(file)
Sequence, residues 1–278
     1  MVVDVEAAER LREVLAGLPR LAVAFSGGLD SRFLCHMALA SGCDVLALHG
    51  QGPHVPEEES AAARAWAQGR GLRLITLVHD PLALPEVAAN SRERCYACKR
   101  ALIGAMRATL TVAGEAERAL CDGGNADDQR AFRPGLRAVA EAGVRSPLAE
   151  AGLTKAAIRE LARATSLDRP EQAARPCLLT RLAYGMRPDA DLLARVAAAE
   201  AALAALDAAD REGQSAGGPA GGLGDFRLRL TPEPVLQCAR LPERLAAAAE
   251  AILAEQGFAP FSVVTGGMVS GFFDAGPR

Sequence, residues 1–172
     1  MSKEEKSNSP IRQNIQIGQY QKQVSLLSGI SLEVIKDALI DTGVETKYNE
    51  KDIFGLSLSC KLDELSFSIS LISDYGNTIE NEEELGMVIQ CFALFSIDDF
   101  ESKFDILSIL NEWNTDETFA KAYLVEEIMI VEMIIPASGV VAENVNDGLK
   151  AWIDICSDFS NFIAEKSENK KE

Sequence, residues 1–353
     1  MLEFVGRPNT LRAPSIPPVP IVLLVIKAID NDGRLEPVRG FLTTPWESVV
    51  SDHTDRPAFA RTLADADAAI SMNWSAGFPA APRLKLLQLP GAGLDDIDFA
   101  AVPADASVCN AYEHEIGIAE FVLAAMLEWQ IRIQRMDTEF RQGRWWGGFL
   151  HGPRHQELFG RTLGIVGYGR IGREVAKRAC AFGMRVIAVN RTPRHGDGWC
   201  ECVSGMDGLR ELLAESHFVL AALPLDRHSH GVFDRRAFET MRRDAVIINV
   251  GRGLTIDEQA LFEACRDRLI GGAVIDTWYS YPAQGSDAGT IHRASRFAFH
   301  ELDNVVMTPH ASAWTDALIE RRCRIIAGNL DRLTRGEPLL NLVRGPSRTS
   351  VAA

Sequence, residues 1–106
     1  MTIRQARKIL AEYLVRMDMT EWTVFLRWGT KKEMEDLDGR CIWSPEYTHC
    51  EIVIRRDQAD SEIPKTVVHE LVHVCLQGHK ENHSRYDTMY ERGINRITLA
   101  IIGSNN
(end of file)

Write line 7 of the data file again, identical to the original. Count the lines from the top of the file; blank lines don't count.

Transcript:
   251  AILAEQGFAP FSVVTGGMVS GFFDAGPR